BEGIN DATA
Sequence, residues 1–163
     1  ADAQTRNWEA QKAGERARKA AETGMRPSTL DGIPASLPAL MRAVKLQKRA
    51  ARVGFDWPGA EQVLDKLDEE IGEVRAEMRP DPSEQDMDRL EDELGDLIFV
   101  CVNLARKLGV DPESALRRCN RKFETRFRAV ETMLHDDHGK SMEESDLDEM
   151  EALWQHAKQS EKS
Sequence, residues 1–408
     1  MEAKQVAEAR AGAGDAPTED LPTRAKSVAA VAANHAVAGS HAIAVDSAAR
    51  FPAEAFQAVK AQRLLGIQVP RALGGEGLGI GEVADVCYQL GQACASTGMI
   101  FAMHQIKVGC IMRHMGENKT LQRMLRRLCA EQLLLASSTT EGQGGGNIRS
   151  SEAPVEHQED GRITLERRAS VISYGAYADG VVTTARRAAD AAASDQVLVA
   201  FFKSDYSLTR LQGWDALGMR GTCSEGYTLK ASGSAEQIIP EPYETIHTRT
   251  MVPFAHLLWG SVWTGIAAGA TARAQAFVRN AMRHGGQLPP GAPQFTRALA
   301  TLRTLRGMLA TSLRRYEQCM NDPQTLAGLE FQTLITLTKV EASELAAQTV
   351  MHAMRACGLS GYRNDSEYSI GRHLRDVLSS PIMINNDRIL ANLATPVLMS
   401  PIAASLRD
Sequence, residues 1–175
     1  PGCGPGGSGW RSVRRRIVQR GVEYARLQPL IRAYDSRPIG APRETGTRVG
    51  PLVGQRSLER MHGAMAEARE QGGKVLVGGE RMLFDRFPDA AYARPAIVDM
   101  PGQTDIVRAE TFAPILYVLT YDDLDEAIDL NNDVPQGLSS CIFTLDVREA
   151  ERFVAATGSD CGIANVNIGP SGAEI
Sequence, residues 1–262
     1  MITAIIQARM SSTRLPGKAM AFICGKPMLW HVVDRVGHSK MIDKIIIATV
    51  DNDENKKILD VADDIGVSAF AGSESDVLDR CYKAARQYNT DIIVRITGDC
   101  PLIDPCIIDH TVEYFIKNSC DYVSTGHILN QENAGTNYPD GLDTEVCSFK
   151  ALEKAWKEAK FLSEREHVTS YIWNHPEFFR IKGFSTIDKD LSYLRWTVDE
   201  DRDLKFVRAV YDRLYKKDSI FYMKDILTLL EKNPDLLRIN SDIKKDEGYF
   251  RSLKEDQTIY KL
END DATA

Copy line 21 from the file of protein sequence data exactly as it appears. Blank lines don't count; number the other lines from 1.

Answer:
Sequence, residues 1–262